Earlier this week, a Bloomberg investigation revealed that some producers of Parmesan use excessive amounts of cellulose, and sometimes cheaper cheeses, in their purportedly pure products. Cellulose, which can be made from wood pulp (but also any other plant material), is used to prevent clumping in pre-shredded cheese, and is safe for consumption at levels of 2 percent to 4 percent. Two of the major brands that Bloomberg tested, Jewel-Osco and Walmart, exceeded this level, leading to accusations that they were cutting their products with cheap fillers while marketing them as pure cheese.
The most egregious offender among the cheesy con artists was Castle, which manufactured fraudulent cheese for three decades before filing for bankruptcy in 2014. Because the FDA has focused on potential health hazards over labeling issues, it’s reasonable to suspect there might be other fraudulent cheeses in supermarket aisles. Some stores are now, in response to the original story’s tests, pulling these products from their shelves.
Though this news caused quite a stir, it’s a story that’s come up several times in recent years. The First Great Wood-Pulp Panic of this decade occurred in 2011, when Taco Bell was hit with a class-action lawsuit after people realized its seasoned beef contained a significant amount of fillers, including maltodextrin, soy lecithin, and — wait for it — cellulose. (The company had already been printing ingredients lists on its website for a while by then.) The suit argued that Taco Bell’s seasoned-beef mix was just 35 beef, while Yum! Brands said it is in fact a whopping 88 percent beef, thank you very much.
That year, The Wall Street Journal published an article about the widespread use of cellulose in food, and the Street posted a lengthy list of 15 major food companies that sold processed foods containing cellulose. Products that were named included Aunt Jemima Original Syrup, Cinnabon Snack Bars Original, Weight Watchers English Toffee Crunch Ice Cream Bar, Pillsbury Buffalo Chicken Crescent Pastry Puffs, the Jimmy Dean Frozen Breakfast Bowl, McDonald’s Premium Southwest Salad With Grilled Chicken, and, of course, cheeses (pre-shredded and otherwise) used at major fast-food outlets such as McDonald’s, Jack in the Box, and Wendy’s.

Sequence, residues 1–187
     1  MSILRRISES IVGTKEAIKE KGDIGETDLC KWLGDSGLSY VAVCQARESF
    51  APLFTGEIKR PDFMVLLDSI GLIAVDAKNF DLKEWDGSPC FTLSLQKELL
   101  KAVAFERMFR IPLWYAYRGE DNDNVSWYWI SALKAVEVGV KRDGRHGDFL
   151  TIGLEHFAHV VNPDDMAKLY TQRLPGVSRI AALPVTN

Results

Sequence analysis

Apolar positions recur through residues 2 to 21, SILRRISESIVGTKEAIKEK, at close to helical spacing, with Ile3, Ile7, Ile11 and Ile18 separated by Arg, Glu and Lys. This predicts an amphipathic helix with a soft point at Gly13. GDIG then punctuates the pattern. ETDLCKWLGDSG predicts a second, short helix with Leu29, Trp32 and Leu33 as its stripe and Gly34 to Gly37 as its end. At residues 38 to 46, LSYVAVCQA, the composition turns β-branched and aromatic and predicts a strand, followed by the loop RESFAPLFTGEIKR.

Then in 2014, a year after the Food Babe put her GMO-free bull’s-eye on cellulose, the Second Great Wood-Pulp Panic commenced, with news outlets reporting on the presence of wood pulp or cellulose in a wide range of fast-food items, including burgers, smoothies, honey-mustard sauce, fish fillets, and buns. Quartz tallied up the numbers and named McDonald’s the No. 1 user of cellulose among the fast-food giants.
While cellulose is considered generally safe — in fact, Cooking for Geeks author Jeff Potter tells Bon Appétit that people “need non-digestible vegetable fiber in our food” — a 2015 study published in the journal Nature found evidence that emulsifiers like carboxymethyl cellulose, a derivative, “can alter the gut bacteria” and cause intestinal inflammation leading to a higher likelihood of “inflammatory bowel disease, metabolic syndrome and significant weight gain.” The researchers behind this study witnessed effects even when subjects consumed one-tenth of the concentration of emulsifiers permitted by the FDA. Though this study was about a derivative, the Los Angeles Times gave it significant weight by calling it “among the first to explore whether food additives that have been deemed safe by the Food and Drug Administration may have an unrecognized dark side.”
These Parmesan producers are committing culinary fraud by pretending their product is pure cheese, and they’re skirting the law by not hewing to FDA standards, and benefiting from using a cheap substitute. But they’re also meeting consumer demand. Along with acting as an emulsifier, cellulose has an obvious, practical function as a very cheap extender. It’s an easy way to cut costs, especially because the FDA is down with it, and to make otherwise expensive food products more accessible. Food costs have risen significantly in recent years, all while consumers expect their burgers, Quesalupas, and cheese to be delivered at a certain, familiar price point (and ease). Parmesan is not a cheap product, and neither is beef, but that won’t stop the American public from wanting a cheeseburger that costs $6.